Although the main-stage generally houses the ‘headliners,’ it seemed that many of the festival-goers flocked to the West Stage for bands such as Ludacris and M.I.A. This, in turn, allowed the VIP ticket-holders a chance to get to see Pavement and LCD Soundsystem surprisingly up-close and personal. VIP tickets were clearly the way to go for those of us who were interested in these acts (thank you indie gods!) and I was able to sit only a couple rows back in the center of the seated pavilion with an AMAZING view and very minimal elbow jabs.

Trying to get remotely close to the West Stage for M.I.A. would have been nearly impossible without staking a spot far before the dissident diva took the mic. If you were one of those dedicated to the mission, you got a chance to see MIA in all her badass glory, dark wild hair flowing, rockin gold shades and eventually shedding a gold jacket to reveal a metallic mini-dress. With vibrant dancers adorning the stage and a sea of devoted fans, MIA has clearly become a superstar.

The night ended perfectly with LCD Soundsystem’s mind-blowing performance. As a huge LCD fan and never having had a chance to catch the band in real-life, I was completely captivated by the live show and despite my near exhaustion, danced recklessly for the entire hour-long set. Starting with “Dance Yrself Clean,” James Murphy, dressed simply in a flannel and jeans, unassumingly screamed all of his electro-classics to the elated crowd. Backed by Hot Chip bassist Al Doyle (!!!) and the rest of his dynamic team, Murphy effortlessly delivered hit after hit until finally ending with an encore of “Losing My Edge” and “Home” (love). Murphy had the pavilion bursting with an uncommon energy, reminding us all what it is that we love about music.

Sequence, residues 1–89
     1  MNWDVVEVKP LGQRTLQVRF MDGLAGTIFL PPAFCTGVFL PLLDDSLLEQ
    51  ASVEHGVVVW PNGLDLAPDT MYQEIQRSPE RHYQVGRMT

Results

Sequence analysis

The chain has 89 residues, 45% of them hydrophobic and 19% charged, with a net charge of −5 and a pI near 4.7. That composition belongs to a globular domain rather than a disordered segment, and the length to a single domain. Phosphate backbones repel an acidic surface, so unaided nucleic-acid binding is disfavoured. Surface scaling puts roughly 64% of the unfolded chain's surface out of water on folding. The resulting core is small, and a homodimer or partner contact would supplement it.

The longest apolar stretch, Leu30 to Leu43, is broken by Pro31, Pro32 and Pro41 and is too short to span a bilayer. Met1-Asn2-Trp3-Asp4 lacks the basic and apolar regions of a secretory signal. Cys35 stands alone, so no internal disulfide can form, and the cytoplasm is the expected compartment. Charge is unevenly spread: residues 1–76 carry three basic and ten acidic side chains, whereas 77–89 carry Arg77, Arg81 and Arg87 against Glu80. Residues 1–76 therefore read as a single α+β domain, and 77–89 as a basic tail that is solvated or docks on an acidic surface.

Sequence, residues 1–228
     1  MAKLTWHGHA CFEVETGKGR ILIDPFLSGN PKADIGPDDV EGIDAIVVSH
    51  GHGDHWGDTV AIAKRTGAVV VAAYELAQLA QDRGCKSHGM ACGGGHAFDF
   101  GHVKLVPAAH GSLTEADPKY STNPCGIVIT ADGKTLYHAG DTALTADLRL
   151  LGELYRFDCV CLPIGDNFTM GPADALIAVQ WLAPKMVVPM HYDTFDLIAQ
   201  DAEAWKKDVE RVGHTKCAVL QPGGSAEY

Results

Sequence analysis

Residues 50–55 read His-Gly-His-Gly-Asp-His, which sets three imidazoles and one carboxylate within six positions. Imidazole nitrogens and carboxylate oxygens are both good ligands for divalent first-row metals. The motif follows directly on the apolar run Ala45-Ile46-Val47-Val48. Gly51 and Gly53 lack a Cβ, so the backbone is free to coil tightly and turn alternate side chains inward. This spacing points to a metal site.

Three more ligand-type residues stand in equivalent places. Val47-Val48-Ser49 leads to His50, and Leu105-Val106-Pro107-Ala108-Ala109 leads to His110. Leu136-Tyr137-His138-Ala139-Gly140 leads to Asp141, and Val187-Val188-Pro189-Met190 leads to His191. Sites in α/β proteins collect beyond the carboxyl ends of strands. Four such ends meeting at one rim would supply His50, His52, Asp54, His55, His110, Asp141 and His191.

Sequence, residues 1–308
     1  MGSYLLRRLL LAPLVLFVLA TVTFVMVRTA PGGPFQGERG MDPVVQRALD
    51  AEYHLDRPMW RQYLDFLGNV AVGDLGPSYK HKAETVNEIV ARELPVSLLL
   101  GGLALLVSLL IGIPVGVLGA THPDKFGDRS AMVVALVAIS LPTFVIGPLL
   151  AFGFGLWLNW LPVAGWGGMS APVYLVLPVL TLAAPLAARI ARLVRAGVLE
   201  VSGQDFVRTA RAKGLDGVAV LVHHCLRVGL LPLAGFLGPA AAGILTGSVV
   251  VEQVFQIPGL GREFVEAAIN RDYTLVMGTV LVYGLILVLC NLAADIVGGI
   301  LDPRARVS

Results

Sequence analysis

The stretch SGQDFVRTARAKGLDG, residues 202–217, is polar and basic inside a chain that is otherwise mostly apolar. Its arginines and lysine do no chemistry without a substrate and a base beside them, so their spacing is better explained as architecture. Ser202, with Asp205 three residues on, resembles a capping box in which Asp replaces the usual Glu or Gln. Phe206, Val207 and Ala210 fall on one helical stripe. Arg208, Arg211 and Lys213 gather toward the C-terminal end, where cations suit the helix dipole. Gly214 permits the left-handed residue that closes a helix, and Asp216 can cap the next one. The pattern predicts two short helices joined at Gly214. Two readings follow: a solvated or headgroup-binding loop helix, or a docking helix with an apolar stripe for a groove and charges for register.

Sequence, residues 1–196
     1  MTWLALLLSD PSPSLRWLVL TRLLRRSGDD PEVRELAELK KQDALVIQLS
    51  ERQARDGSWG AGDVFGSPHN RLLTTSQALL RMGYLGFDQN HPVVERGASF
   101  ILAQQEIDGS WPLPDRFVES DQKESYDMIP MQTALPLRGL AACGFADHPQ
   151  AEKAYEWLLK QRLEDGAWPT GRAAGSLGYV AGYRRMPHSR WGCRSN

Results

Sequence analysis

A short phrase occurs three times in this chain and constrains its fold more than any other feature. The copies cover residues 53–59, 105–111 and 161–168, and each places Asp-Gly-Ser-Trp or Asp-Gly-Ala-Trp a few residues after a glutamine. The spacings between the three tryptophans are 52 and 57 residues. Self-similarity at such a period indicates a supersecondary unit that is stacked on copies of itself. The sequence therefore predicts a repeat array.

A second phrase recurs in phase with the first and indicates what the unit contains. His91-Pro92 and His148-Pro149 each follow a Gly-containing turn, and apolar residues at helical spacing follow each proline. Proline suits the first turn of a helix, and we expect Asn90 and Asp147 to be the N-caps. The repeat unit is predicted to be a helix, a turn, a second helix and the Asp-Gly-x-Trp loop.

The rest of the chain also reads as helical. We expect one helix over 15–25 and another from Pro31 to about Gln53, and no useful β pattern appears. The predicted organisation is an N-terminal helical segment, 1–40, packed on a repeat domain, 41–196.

All in all, the Virgin Free Fest this year was exceptional, and the day couldn't have proved to be more perfect. Much love to Richard Branson, the virgin founder and philanthropist, for putting on this Free Festival to help fight youth homelessness. And thanks to all of the artists, and definitely the I.M.P. staff at Merriweather who were all really awesome.

Big shoutout to my sister CARA for providing these fine pics.

TVD's Twitter Music Monday

(Originally posted on 8/11/10)

This is truly world-stopping news: One’s taste in music is linked to one’s personality. It is a fact of science, according to Professor Adrian North of Heriot-Watt University, who undertook a large study examining the relationship between taste in music and personality traits.

BBC News reported on this study here, and you should read the article if only for the description of heavy metal fans as “quite delicate things,” who are neither “suicidally depressed” nor “a danger to themselves and society in general.” Phew!

The article also presents a handy rubric of musical tastes and their corresponding personality traits. I thought it might be fun to look through some #musicmonday tweets and find ones that exemplify these important findings.

First up: Indie. According to the study, people who listen to indie have low self esteem, an abundance of creativity, do not work hard, and are not gentle. (Excuse me, I have to go throw my Vampire Weekend albums into a bonfire now.)

What luck! The first indie #musicmonday message I’ve come across is by Twitter user @party_sloth. Sloth! This is too easy. Partying is often a pretty creative activity, especially if, like mine, your parties involve a lot of Pictionary. And partying is certainly never gentle. @party_sloth tweets that he is “addicted to Menomena – Mines right now.” Addiction is generally contra-indicative of self-confidence, so there you have it. With one tweet and one user name, we see the truth behind Professor North’s study.

Let’s move on to “chart pop” next. Twitter user @bellavalentine2 wants her followers to listen to Eminem and Rihanna’s “Love the Way You Lie,” and adds that “Boys should never, NEVER hit girls.” (No snark: Endorsed. Maybe not the song, I haven’t heard it because I am not, apparently, a “chart pop.”)